Since his unjust sentencing, and for as much good as it has done him, successive Administrations have been petitioned for Pollard’s release, so far to no avail.  But the non-partisan chorus of protest over the past two years is growing exponentially.  In 2010, soon to be retired Barney Frank garnered 38 Democratic House signatures petitioning the President for clemency.  More recently, in a letter to President Obama this past November 8, 2011, 18 former U.S. Senators also petitioned the President for Pollard’s release.  In part the letter stated:
“We do not condone espionage, nor do we underestimate the gravity of Pollard’s crime, But it is patently clear that Mr. Pollard’s sentence is severely disproportionate and (as several federal judges have noted) a gross miscarriage of justice.”
On May 18, 2011, a group of distinguished Americans likewise threw their prestige behind Pollard’s release by likewise petitioning President Obama.  The group included, former Secretaries of State, Henry Kissinger and George Shultz, former U.S. Attorney General, Michael Muckasey, former White House Counsel, Bernard W. Nussbaum, Senator Dennis DeConcini, former Chief of the Senate Intelligence Committee, Senator Alan K. Simpson, Co-Chair of the President’s Economic Commission, former CIA Director R. James Woolsey, and most significantly, Lawrence J. Korb, former Assistant Secretary of State under Casper Weinberger in the Reagan Administration.
In September, 2010, Korb wrote the following letter to President Obama on Pollards behalf:

September 27, 2010

Dr. Lawrence J. Korb
203 Yoakum Pkwy Apt 908
Alexandria. VA 22304

The Honorable Barack H. Obama
President of the United States
The White House
Washington, D.C. 20500

Dear Mr. President:

As Assistant Secretary of Defense a the time of Jonathan Pollard’s arrest I respectfully request that you exercise your power of clemency on behalf of Mr. Pollard who has now been in prison for 25 years.

Jonathan Pollard is the only person in the history of the United States to receive a life sentence for passing classified information to an American ally.

Based on my first-hand knowledge, I can say with confidence that the severity of Pollard’s sentence is a result of an almost visceral dislike of Israel and the special place it occupies in our foreign policy on the part of my boss at the time, Secretary of Defense Caspar Weinberger.

Secretary Weinberger submitted two affidavits to the court in order to convince the judge to give Pollard a harsher sentence than the one requested by the government, despite Pollard admitting guilt, plea bargaining and cooperating with the government. The government committed to not seeking a life sentence but due to the Weinberger Affidavits, the redacted version of which I have read, Mr. Pollard received a disproportionate life sentence.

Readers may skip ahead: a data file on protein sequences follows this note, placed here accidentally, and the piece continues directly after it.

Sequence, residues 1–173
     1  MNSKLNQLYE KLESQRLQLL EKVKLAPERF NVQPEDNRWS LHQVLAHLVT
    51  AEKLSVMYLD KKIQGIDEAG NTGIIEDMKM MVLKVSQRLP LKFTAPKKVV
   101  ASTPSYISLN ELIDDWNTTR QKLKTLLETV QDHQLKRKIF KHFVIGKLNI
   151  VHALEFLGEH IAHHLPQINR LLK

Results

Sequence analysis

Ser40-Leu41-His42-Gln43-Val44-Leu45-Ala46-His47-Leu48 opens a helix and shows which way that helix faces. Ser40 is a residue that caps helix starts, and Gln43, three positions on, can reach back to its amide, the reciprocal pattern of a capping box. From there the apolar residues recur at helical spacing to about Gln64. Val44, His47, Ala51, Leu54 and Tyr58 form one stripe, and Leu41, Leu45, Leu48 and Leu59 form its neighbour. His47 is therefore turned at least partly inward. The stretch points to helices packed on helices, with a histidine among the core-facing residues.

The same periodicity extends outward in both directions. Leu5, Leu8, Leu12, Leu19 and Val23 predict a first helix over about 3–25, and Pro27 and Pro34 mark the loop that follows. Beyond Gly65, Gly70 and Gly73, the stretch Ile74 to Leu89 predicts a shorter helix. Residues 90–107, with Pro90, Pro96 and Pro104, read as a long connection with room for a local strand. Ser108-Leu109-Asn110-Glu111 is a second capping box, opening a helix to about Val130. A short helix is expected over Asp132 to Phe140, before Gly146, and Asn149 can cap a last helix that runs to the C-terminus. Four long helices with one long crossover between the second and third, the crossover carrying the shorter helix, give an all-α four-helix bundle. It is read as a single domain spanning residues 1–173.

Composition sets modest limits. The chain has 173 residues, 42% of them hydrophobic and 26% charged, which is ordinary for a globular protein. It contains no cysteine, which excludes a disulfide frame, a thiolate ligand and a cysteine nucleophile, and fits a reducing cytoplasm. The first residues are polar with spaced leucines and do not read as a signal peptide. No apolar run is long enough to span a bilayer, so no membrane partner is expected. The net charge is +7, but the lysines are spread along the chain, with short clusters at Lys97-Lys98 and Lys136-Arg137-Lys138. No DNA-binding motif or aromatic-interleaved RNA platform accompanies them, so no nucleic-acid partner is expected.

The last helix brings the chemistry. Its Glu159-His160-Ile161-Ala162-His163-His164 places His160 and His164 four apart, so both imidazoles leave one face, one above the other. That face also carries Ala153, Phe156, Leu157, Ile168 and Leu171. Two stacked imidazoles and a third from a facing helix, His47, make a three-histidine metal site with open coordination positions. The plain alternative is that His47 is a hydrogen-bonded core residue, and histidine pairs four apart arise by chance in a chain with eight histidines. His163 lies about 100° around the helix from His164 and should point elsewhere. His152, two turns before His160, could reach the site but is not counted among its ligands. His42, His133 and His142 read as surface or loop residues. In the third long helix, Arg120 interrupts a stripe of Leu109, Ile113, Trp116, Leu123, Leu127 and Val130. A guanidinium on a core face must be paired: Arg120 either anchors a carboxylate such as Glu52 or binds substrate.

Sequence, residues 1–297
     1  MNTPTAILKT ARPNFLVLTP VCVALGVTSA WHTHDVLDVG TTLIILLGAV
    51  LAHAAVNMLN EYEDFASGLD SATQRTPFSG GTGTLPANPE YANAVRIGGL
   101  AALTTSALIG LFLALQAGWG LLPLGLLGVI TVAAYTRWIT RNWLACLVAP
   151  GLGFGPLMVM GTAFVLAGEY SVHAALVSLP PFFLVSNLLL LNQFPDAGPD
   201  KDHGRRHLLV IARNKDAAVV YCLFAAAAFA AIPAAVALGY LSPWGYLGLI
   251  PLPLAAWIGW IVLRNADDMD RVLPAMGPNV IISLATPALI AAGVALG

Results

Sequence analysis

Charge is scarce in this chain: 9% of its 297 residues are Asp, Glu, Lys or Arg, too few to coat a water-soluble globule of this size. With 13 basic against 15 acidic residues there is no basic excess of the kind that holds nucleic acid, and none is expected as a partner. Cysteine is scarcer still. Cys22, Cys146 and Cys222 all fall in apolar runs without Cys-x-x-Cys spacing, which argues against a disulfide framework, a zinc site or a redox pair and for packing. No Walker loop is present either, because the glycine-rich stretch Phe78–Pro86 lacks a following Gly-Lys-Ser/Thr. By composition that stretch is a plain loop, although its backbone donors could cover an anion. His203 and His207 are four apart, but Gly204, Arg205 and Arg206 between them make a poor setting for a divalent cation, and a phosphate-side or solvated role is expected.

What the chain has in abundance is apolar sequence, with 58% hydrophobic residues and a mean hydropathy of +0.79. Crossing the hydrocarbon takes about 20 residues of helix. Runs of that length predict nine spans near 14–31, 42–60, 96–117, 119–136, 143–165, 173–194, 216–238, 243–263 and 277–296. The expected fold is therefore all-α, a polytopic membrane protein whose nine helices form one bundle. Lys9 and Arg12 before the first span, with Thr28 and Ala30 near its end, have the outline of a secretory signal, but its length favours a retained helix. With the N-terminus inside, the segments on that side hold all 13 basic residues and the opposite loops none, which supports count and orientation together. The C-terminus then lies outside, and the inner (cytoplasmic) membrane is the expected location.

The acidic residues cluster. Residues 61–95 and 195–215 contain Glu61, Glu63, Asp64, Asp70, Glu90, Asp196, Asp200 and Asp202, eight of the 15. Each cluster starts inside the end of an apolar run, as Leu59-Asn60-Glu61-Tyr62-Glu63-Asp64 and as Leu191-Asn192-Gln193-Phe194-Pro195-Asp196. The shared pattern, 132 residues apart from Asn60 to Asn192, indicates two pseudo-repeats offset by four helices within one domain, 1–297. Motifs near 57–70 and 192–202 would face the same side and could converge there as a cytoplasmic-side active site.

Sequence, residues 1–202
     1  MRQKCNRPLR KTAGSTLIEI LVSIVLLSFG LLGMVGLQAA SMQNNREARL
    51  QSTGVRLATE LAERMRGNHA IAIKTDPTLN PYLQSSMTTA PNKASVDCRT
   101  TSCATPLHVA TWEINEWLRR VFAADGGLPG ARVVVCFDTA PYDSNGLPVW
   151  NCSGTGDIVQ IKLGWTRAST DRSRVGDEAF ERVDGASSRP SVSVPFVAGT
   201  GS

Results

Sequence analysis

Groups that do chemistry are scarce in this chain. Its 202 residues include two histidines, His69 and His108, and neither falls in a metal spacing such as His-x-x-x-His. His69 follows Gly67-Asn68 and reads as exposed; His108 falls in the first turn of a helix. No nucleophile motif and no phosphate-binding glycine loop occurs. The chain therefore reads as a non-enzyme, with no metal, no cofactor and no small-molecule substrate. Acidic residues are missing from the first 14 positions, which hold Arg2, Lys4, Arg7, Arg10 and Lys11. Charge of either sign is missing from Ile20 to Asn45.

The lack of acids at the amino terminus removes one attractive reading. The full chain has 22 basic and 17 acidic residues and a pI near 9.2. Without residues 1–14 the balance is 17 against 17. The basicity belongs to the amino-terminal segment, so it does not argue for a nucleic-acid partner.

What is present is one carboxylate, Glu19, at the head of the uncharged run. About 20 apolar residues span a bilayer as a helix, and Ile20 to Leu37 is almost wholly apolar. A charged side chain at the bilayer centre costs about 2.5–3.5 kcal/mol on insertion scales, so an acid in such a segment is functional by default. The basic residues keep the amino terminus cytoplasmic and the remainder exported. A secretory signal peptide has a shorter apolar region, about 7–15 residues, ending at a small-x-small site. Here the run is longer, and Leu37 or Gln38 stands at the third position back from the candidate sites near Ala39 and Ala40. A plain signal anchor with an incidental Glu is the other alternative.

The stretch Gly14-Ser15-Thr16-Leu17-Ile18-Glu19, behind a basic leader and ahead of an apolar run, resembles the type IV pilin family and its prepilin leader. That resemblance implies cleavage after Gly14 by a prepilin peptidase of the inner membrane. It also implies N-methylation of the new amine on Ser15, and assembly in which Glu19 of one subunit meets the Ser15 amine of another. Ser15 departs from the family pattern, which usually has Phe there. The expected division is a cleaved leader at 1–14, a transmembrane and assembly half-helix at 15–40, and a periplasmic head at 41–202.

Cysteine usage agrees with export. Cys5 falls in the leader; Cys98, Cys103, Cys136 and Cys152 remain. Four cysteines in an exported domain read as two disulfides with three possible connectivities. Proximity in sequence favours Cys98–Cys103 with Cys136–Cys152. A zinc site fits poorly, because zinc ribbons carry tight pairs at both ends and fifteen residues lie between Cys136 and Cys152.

Secretary Weinberger omitted his crucial involvement in the Pollard case from his memoirs and when asked by the famed investigative journalist Edwin Black, about the omission, Weinberger indifferently responded, “Because it was, in a sense, a very minor matter, but made very important.” Asked to explain, Weinberger continued, “As I say, the Pollard matter was comparatively minor. It was made far bigger than its actual importance.” When asked why this was so, Weinberger replied “I don’t know why-it just was.”

Mr. Pollard was not charged with harming America and has repeatedly expressed remorse for his actions. Furthermore, the average sentence for his offense is 2-4 years and today the maximum sentence is 10 years. Justice would best be served by commuting Pollard’s sentence to the time he has already spent in prison.

Lawrence J. Korb

Oh cynical me, more so now than ever, if he can only hold out until November, I do believe Pollard will finally be freed this year.  Following an indisputably anti-Israel bias the past three and a half years and losing Jewish voters and supporters of Israel in droves; ever the Chicago politician, President Obama is almost certain to make a magnanimous gesture to his formerly faithful voting block and finally release this broken man from his incarceration.


  1. For sure Jonathan Pollard deserved freedom long time ago. One remark: J. Pollard had never worked for money. Otherwise, he had to pay penalty, but the court had never required that. It's very important. Please read the facts:, paragragh 6. The only goal of Pollard was "The information being withheld from Israel included Syrian, Iraqi, Libyan and Iranian nuclear, chemical, and biological warfare capabilities – being developed for use against Israel. It also included information on ballistic missile development by these countries and information on planned terrorist attacks against Israeli civilian targets" according to paragraph 3. So his goal was to save Israel from terrorist attacks and from annihilation in future.